Large-scale heat networks high temperature households (district heating)
This factsheet presents generalized information and figures on large scale high temperature (HT) heat networks for households also known as district heating. In district heating homes, buildings and other end users are heated by a central heat source via an underground network of hot water pipes. A distinction can be made between large and small scale heat distribution networks, the first supplying more than 150 TJ of heat per year (ECN, 2017).
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This factsheet focuses on large scale networks. Large scale district heating consists of main heat source(s), back-up boiler(s), a primary heat transport pipeline, substations and a distribution network including connections to the dwellings. Inside a dwelling a heat delivery kit (with heat exchanger) is installed in order to transfer hot water to the central heating system inside the dwelling. This factsheet considers all components of the heat network but does not include heat losses of the main heat source(s) and heat losses of the heating systems inside the dwellings. Costs in the costs section are excluding costs of the main heat source.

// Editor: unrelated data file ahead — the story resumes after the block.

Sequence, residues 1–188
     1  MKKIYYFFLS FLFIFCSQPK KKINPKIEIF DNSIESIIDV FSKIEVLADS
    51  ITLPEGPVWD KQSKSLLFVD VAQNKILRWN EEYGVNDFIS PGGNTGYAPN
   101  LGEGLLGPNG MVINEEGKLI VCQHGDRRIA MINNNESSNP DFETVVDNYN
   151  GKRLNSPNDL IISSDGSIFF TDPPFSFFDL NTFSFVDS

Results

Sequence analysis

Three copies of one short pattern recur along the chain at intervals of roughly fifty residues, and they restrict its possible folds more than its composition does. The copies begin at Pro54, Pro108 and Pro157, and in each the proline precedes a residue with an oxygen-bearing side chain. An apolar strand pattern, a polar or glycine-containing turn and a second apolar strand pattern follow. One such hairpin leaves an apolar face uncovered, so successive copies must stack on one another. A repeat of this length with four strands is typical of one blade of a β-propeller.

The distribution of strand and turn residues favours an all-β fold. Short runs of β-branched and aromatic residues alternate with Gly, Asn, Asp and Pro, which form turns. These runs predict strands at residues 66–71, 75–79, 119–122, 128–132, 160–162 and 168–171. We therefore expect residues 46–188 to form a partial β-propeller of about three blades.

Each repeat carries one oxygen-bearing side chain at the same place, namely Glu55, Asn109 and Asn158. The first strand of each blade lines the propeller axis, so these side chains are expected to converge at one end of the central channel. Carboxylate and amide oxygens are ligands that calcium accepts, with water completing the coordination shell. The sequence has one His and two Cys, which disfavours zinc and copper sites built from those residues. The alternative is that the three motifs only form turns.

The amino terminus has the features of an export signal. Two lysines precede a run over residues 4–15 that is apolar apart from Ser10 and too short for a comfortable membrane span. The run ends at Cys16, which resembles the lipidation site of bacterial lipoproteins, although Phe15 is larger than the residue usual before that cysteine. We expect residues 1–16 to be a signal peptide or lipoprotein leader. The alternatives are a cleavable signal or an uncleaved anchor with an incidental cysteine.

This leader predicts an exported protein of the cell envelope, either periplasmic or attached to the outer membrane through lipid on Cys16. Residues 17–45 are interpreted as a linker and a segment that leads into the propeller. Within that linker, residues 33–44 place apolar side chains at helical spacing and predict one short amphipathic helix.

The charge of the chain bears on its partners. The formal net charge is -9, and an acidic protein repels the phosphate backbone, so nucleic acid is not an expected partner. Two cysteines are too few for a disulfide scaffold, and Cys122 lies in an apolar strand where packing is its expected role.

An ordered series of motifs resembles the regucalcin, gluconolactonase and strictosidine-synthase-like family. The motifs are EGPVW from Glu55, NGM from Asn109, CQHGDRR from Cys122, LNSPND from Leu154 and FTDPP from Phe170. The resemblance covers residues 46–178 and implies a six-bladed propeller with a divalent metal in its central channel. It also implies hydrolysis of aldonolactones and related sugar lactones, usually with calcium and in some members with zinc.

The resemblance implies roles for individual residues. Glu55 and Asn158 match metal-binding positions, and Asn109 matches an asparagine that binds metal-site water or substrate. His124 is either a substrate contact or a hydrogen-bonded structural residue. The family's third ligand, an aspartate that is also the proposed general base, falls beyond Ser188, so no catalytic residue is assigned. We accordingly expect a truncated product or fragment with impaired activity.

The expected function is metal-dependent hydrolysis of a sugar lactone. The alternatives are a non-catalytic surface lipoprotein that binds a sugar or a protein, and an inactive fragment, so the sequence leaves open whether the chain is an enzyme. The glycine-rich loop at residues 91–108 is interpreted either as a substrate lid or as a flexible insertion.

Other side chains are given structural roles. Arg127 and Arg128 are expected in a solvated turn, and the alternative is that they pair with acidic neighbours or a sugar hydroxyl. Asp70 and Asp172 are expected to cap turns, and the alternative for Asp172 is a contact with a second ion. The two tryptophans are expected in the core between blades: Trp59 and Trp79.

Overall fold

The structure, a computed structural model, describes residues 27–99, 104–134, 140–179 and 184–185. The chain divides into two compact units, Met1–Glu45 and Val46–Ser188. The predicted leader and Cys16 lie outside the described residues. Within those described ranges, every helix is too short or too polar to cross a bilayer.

Main heat sources that can be used for large scale HT heat networks are:- Combined heat and power (CHP) plants fired with gas, coal, muninipal solid waste or biomass- Heat plants (heat only boilers) fired with biomass, natural gas or other fuels- Industrial waste heat – Other renewable sources (e.g. geothermal energy).
Heat from the heat source typically has a temperature of 100-130ᵒC. A typical large scale network has a primary transport pipeline of about 5 km length (based on VESTA model) (PBL/VESTA, 2017). Between primary transport pipeline and distribution network there can be a main substation with a heat exchanger that lowers the temperature. Hot water delivered to consumers typically has a temperature of 90ᵒC and the return flow to heat source has a temperature of 70ᵒC (ECN, 2015). A large scale network typically has one main substation and multiple smaller distribution substations but there are also large scale networks possible without a main substation.